Now I want you to take as an example this morning, the landowner in Jesus' parable, the rich landowner. Is this the story of an out of control greed maniac? Does this sound like somebody who's just monstrously greedy and is just the poster child for a greed out of control. This guy's a business owner. He has a bumper crop. He doesn't have any place to store it. So it decides he is going to have bigger barns. And then he's going to be able to live off the proceeds.
Is that greed? I don't know if it is. It sounds a little bit like you or me, right? I mean, if you're a business owner, when the time comes and you have the opportunity, maybe you want to expand your business a little bit. Is that greediness or is that just business? Is that the way the world works? Is wanting to have your golden years be well funded so that you are not suffering, and during that time, when you don't have income coming in, because you're not running your business anymore, is that greedy just to want to have a nest egg that you can rely upon? I don't think that it is.
Can we really say that this landowner is acting immorally by what he is doing? Greed is immoral. This isn't immoral. It's not unethical. We don't even know that this landowner is being uncaring towards other people. Is he so obsessed with his business that he is not loving to his wife or to his children or to his neighbors? Does he not give to charity? Is he somebody who's totally self-obsessed? We don't see that in Jesus's story. That's not the story that Jesus is telling us here. This guy, he's not Ebeneezer Scrooge. He's not some miserable old miser. That's not what we're hearing about here. He's somebody just like you or like me. So yes, of course, don't be greedy, but Jesus is telling us something about ourselves as well. What is he trying to tell us?
Unfortunately, what we sometimes hear that Jesus is trying to tell us in this story, and it makes us quite nervous, is we say this guy, who's not all that different from you or me, the bad man, is super, super greedy. And so God kills him for being greedy, right? If you want bigger barns, God's going to kill you. So don't. Don't tear down your barns and build bigger ones, because that is going to get you the bolt of lightning from heaven. Now, I don't think that's actually the message here. Here's what I think the real message is. And I think you'll hear it in the words.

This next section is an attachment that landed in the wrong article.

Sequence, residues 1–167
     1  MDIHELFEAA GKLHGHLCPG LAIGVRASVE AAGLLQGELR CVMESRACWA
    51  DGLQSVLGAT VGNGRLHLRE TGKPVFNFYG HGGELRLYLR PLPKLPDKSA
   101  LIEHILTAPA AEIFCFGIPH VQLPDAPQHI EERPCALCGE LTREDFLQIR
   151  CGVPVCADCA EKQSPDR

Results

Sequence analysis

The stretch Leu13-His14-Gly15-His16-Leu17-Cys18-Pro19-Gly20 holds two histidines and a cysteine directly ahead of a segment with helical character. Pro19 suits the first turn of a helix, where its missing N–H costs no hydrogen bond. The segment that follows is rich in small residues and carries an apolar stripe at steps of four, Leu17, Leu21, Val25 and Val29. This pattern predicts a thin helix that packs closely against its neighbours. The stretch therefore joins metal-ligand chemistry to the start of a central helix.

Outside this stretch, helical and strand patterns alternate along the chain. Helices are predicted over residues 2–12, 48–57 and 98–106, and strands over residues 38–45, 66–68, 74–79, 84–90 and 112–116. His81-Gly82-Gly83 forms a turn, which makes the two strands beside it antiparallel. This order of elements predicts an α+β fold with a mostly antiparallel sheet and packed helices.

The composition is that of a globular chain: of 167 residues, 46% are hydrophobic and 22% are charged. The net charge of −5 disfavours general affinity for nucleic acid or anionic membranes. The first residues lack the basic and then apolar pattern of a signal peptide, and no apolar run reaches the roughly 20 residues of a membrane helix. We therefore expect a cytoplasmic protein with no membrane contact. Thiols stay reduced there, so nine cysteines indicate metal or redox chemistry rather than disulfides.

This is a perfectly average rich man who is making perfectly normal business decisions, but he is relying on his money and his possessions totally and completely to the exclusion of God. And he believes that his wealth and his power and his possessions are going to be able to save him in this life. And just at the moment when he believes that he has made it, and that he is going to be able to savor all of the fruit of his hard labors over the year and becoming someone who is rich and secure, he dies... not because God kills him for building bigger barns, but because everybody dies. Everybody has to leave it all behind at some point.
And then (I love this line) God says to the man, all that stuff that you thought was going to hold you up and protect you, who does it belong to now? Who does it belong to now? I think the lesson here from this parable is that none of us, no matter whether you're rich by luck and accident, or you're poor on purpose, none of us really owns anything at all. And none of us can rely in this life, on our possessions, on our wealth, on our money, however much we may have or not have to keep us going forever. Who owns everything that we have? God does. We are just intermediaries. It's entrusted to us for a short amount of time. And we cannot put our faith in it. Everything is always changing. And there's only one thing that we can rely on.
We think often in this life that, well, if I just had a little bit more, just a little bit more than I have now, then I would be truly happy. And how many times have you thought that in your life? Well, you think it about two weeks after you get whatever you thought was going to make you happy the last time. It always fades. We think if I just had a little bit more money, a little bit more security, well then I would be truly happy. And that happiness always fades. Why? It's because it's the psychology of our human desire. We always want more. And there's always more to want. Whatever level we get to, we always believe that there's something more and we're always disappointed in the end.